Coca Cola paid up for vague cellphone driving policy

 A USA insurance specialist in his blog, Keven Moore on Insurance, warns employers; Your company’s cellphone driving policy needs your attention.

Moore alerts employers that any business, public entity or non-profit organisation with a commercial fleet, face potential for disaster every day.

A crash involving one of your drivers could mean an injured employee, a damaged vehicle or even a bankrupting lawsuit that can exceed limits of liability on your auto policy, advised Moore, adding that hands-free kits are not a legal or practical solution.

Last year, Coca Cola was successfully sued as a court awarded $21 million in damages to a woman who was struck by a Coca Cola driver who had been talking on her hands-free phone cellphone at the time of the accident.

The plaintiff’s attorneys argued that the Coca Cola cellphone policy for its drivers was vague and ambiguous. They also suggested that Coca Cola was aware of the dangers but withheld this information from its driver, which led directly to the circumstances that caused the accident.
 
Thomas J Henry, one of the plaintiff attorneys, cited the company’s inadequate cellphone driving policy.
 
In another case in the USA, an ex-wife of a vice president at Insurance Services is suing his employer after he and their daughter were killed as he ran into the back of a tractor trailer. The plaintiff’s attorney alleges that he was using their handheld device at the time of the accident for work-related purposes, which is being contested after his employer had erased the phone records.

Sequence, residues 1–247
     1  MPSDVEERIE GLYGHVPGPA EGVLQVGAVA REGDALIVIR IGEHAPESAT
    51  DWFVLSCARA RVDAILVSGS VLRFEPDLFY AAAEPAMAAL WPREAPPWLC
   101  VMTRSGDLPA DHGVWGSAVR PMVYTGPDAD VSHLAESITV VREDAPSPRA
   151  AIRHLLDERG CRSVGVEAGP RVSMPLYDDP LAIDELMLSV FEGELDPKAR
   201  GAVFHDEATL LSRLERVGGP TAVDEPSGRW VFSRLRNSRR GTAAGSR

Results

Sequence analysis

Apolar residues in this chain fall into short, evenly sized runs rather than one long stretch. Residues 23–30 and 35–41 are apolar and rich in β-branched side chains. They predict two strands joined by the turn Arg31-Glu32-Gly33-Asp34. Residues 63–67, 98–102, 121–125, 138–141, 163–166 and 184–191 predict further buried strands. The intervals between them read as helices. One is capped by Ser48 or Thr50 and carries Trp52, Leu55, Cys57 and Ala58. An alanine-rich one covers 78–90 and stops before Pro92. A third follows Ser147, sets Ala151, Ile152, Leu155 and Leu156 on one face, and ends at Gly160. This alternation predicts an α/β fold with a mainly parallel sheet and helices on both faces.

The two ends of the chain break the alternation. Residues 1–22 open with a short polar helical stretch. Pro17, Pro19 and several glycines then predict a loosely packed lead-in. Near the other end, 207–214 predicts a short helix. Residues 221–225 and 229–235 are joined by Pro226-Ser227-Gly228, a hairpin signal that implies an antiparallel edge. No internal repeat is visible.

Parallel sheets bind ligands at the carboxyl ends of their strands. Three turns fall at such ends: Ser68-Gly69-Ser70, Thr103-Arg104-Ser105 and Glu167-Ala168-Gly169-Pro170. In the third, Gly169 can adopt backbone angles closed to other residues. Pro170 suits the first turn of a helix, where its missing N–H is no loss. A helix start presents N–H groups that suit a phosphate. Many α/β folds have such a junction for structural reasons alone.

Distracted driving-related lawsuits are growing. The numbers of law firms specializing in distracted-driving type lawsuits have also grown.
 
Cellphone records are easily attainable through subpoenas, with dates and times. Such cases emphasize the importance for any size company to have a clear cell phone usage policy for their drivers, wrote Moore.

“I am amazed when I call on existing or prospective clients today only to find that they don’t have such a policy in place for their drivers. Written policies cannot exist only on paper; they also must be enforced. A company must walk the talk. Employers can be vicariously implicated if they fail to manage and monitor how employees are using mobile devices while driving. “

Employers must provide periodic safe driving training that reinforces policy. No matter how obvious this may seem, constant reinforcement should occur often and it must be well documented to you are to be able to best defend yourself in a lawsuit.
 
From the Coca Cola story, we can see that hands-free devices are not the answer to distracted driving.  Employers must be aware of the risks of using a cellphone while driving and take certain steps to minimise the risks.

• Keven Moore is director of Risk Management Services for Roeding Insurance (www.roedinginsurance.com). He has a bachelor’s degree from University of Kentucky, a master’s from Eastern Kentucky University and 25 years of experience in the safety and insurance profession. See here for more insurance columns by Keven Moore.

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